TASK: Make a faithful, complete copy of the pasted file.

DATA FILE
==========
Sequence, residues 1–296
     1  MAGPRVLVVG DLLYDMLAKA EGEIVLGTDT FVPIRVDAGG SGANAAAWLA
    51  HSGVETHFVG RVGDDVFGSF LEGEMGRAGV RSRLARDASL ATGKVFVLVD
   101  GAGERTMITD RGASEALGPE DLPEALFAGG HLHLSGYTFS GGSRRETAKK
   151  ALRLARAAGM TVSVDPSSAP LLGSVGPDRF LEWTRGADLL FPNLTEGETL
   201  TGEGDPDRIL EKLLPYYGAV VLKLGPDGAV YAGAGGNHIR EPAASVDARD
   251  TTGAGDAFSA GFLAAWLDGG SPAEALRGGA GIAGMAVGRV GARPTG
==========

Sequence, residues 1–296
     1  MAGPRVLVVG DLLYDMLAKA EGEIVLGTDT FVPIRVDAGG SGANAAAWLA
    51  HSGVETHFVG RVGDDVFGSF LEGEMGRAGV RSRLARDASL ATGKVFVLVD
   101  GAGERTMITD RGASEALGPE DLPEALFAGG HLHLSGYTFS GGSRRETAKK
   151  ALRLARAAGM TVSVDPSSAP LLGSVGPDRF LEWTRGADLL FPNLTEGETL
   201  TGEGDPDRIL EKLLPYYGAV VLKLGPDGAV YAGAGGNHIR EPAASVDARD
   251  TTGAGDAFSA GFLAAWLDGG SPAEALRGGA GIAGMAVGRV GARPTG